Pennsylvania Libertarians file for governor, Senate ballots
HARRISBURG, Pa. (AP) — The Libertarian Party of Pennsylvania’s nominees for U.S. Senate and governor filed voter signatures Friday to get on November’s election ballot, helped by a federal court order in 2016 that substantially lowered signature requirements for minor-party candidates.
The party’s U.S. Senate nominee Dale Kerns and gubernatorial nominee Ken Krawchuk each said their campaigns filed more than twice the legal threshold of 5,000 signatures. Pennsylvania’s Department of State, which oversees elections in the state, confirmed the filings ahead of the deadline next Wednesday.
Kerns would join two-term Democratic Sen. Bob Casey and Republican challenger Lou Barletta on the Nov. 6 ballot, while Krawchuk would join Democratic Gov. Tom Wolf and Republican challenger Scott Wagner.
Kerns, 34, is an electrical construction project manager from Delaware County making his first bid for statewide office. Krawchuk, 65, is a computer architecture consultant from Montgomery County and longtime Libertarian Party standard-bearer making his third bid for governor.
The highest third-party vote-getter in Pennsylvania’s U.S. Senate or gubernatorial races the last two decades was Constitutional Party candidate Peg Luksik in 1998 with 10 percent.
No other candidate has broken 4 percent, and Krawchuk in 2002 was the last minor party candidate to appear on a gubernatorial ballot. He also ran in 1998.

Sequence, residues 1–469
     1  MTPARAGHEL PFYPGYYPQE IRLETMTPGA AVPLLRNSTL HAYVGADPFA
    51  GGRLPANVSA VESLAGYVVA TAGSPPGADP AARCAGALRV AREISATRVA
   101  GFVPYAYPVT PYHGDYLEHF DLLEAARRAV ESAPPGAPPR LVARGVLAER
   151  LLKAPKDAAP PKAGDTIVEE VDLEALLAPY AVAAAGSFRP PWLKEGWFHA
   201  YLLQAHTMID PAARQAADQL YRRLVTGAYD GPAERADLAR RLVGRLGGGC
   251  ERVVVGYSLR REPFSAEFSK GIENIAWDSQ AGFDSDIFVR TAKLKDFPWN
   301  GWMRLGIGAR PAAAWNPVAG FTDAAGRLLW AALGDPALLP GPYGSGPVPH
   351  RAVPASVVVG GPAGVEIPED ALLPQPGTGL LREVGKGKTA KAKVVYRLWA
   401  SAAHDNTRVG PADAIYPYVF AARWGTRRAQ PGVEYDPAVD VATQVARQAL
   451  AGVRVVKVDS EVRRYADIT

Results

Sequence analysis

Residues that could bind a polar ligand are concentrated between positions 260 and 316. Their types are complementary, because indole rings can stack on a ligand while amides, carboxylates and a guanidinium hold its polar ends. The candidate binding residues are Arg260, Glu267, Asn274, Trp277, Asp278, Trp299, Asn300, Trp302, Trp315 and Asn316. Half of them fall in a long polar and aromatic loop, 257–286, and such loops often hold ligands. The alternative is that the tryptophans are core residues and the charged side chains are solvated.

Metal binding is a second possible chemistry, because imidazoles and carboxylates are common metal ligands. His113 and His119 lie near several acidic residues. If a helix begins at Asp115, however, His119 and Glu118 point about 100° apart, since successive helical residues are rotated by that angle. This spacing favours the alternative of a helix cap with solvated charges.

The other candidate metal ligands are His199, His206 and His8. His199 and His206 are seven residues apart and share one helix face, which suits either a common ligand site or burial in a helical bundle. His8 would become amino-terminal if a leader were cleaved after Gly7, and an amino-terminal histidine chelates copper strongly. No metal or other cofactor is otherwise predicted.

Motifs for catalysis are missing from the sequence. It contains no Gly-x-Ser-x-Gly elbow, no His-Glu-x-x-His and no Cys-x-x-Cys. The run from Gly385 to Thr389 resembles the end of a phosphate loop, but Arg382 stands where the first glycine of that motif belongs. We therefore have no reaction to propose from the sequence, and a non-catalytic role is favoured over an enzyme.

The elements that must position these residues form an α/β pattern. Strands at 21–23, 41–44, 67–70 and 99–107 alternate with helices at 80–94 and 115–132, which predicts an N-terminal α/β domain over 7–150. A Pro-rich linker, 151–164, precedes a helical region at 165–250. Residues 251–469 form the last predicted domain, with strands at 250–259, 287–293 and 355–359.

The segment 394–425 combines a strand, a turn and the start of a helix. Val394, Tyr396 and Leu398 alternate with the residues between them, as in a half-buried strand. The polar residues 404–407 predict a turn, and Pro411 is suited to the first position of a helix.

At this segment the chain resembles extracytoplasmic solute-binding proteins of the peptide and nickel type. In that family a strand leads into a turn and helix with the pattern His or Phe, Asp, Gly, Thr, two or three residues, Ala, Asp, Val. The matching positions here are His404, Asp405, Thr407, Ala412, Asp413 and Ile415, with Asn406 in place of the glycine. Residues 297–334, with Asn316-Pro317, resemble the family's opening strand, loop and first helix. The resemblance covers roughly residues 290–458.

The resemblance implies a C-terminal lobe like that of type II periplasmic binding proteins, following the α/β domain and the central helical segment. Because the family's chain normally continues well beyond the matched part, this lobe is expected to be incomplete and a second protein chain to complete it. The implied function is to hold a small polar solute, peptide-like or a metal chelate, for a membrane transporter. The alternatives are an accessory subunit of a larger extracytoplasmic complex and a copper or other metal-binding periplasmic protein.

Before the 2016 federal court decision, ballot-access advocates regarded Pennsylvania as having the nation’s toughest barriers to third-party candidates. In 2014, Pennsylvania law had set the minor-party signature requirement at 21,774 before U.S. District Judge Lawrence Stengel ordered it lowered to 5,000 in 2016.
A separate federal court decision in 2015 prevented Pennsylvania judges from ordering candidates for public office to pay legal bills of a successful court challenge to their nomination paperwork.
Republicans and Democrats had successfully transformed that threat of financial penalties into a cudgel that scared off independent or minor-party candidates from running, ballot-access advocates say. Krawchuk cited that as the reason he has not run since 2002, when he garnered 1 percent of the vote.
“People have asked me over the years, ‘how come I’m not doing it?’” Krawchuk said. “I like my house, I enjoy living there.”
Kerns called himself a free-market advocate who switched his registration from Republican in 2016 and, in 2012, was a supporter of former U.S. Rep. Ron Paul, a favorite of libertarians and tea party conservatives.
Kerns accused Barletta and Casey of being part of “the swamp,” and said he supports free market solutions and more citizen involvement in government. Kerns said he is sick of party committees selecting nominees and not seeing a candidate on the ballot who represents his best interests.
“The only way to solve it is to have more choices so people can actually decide if they have someone who is representing them rather than the lobbyists who are paying for their bankroll,” Kerns said.